Engineers, software developers, coders and business leaders, tasked with solving real world problems using design thinking, communication, creativity, and other transformative skills.

Having just opened and situated in the outer Melbourne suburb of Lilydale, YRTS is the first of 10 tech schools being built statewide.

Aimed at Year 8, 9 and 10 students, the school invites teachers and kids from 20 local partnership schools to use their unrivalled facilities.

Equipped with a robotics room, 3D printing lab, makerspace, simulation room and virtual reality room with 52 Oculus Rift headsets, possibly the largest collection in Australia, there’s a lot to tinker with at YRTS.

But the school is much more than a sum of its impressive facilities, it’s a culture of innovation, collaboration and authentic learning.

“It’s not a visit to Scienceworks,” Danny Tay, the school’s director, is keen to point out.

“Students come to us to work.”

In fact, before students can even enter the building, they’re required to apply for a work permit on the YRTS website, covering off OH&S and preparing them for a real world learning experience.

“So when they come to us, they’re always working in what we call a design team, we let them know as soon as they come in, that they’re here as workers, they’re not students anymore,” learning designer Elissa Mckenzie says.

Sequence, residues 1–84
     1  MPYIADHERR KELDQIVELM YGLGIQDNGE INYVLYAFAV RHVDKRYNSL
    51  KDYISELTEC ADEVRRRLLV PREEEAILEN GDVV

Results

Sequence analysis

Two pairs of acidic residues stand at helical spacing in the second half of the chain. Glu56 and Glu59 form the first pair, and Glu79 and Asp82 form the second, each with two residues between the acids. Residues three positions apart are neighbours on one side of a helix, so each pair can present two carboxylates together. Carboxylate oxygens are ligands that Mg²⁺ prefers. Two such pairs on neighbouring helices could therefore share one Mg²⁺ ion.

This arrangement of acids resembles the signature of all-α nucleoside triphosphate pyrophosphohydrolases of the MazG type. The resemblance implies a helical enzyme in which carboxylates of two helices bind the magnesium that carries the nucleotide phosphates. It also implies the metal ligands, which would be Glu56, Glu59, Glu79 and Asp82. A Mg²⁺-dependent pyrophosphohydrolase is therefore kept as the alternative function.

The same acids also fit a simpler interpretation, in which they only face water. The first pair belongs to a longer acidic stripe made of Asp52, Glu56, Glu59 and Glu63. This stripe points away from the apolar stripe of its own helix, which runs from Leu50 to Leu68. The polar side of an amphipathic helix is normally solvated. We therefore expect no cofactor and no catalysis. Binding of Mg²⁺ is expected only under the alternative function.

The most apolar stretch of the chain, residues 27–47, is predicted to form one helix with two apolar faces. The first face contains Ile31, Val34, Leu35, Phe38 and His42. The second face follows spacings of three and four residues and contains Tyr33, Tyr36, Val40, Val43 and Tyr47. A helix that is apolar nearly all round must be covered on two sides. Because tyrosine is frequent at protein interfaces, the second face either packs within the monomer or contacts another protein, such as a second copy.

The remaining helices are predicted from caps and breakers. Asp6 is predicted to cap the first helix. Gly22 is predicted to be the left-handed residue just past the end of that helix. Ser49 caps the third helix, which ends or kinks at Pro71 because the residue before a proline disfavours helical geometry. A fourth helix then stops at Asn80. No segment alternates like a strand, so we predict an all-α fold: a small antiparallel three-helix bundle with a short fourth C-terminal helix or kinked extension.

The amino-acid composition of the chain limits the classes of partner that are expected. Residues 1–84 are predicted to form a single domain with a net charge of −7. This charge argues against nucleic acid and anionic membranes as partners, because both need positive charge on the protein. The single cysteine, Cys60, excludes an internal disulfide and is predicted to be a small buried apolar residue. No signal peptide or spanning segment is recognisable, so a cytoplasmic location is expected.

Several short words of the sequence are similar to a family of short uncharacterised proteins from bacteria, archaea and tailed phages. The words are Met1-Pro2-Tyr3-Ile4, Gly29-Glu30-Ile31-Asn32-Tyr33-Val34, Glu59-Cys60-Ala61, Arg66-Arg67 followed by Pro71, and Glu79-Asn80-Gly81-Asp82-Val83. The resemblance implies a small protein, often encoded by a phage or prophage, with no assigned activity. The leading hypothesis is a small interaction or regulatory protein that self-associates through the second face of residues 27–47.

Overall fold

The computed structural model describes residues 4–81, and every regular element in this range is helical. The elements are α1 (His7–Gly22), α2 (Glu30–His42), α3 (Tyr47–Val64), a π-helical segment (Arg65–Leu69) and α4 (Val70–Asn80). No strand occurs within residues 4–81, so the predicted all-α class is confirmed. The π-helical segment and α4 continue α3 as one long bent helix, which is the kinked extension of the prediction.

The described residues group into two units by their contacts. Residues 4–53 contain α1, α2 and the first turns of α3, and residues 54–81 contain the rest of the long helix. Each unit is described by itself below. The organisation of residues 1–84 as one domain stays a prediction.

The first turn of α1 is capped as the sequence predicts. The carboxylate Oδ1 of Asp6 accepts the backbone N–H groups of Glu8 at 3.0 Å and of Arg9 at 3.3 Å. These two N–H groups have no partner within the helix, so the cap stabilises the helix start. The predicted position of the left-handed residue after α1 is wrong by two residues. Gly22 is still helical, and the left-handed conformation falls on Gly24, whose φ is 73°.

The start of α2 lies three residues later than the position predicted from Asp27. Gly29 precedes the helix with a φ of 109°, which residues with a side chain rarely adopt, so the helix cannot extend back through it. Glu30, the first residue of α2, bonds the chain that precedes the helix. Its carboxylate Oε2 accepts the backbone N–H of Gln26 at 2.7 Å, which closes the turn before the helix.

“We try to treat them as workers, we try to give them the same sort of rights that a worker has.”

Students work on design briefs, attempting to meet client needs while keeping all stakeholder groups satisfied.

One of the projects in the robotics room, for example, challenges students to program a robot to dance and entertain kids in a hospital ward.

Another activity in the ‘curved wall simulation room’, involves students as designers, investors and community groups, pitching ideas and collaborating on a shared outcome.

And if they can’t all reach an agreement, they don’t lose marks.

“Have they failed? No, because they’ve understood reality,” Tay says.

The walls of each room are covered in a material which acts as a whiteboard, so students can scribble their thoughts and ideas wherever they please.

This is echoed in the tech department’s collaborative office space, as Tay says, “you’ve got to live the vibe you’re trying to create” .

The school is also proudly ‘paperless’, “I can’t afford paper,” Tay exclaims.

Michael Waddell, technology teacher at nearby Lilydale Heights College has been bringing his Year 8s to YRTS to learn programming and robotics.

He scores the school “10 out of 10” for student engagement.

“I think they really like the idea that they’re being treated as adults, or at least, with respect at that level.”

“They’ve got this idea of freedom, it’s a full day project, it’s not in sections.

“And so, out in the workforce they’ll be working full days, everyday, on projects and this is what they’re doing here.”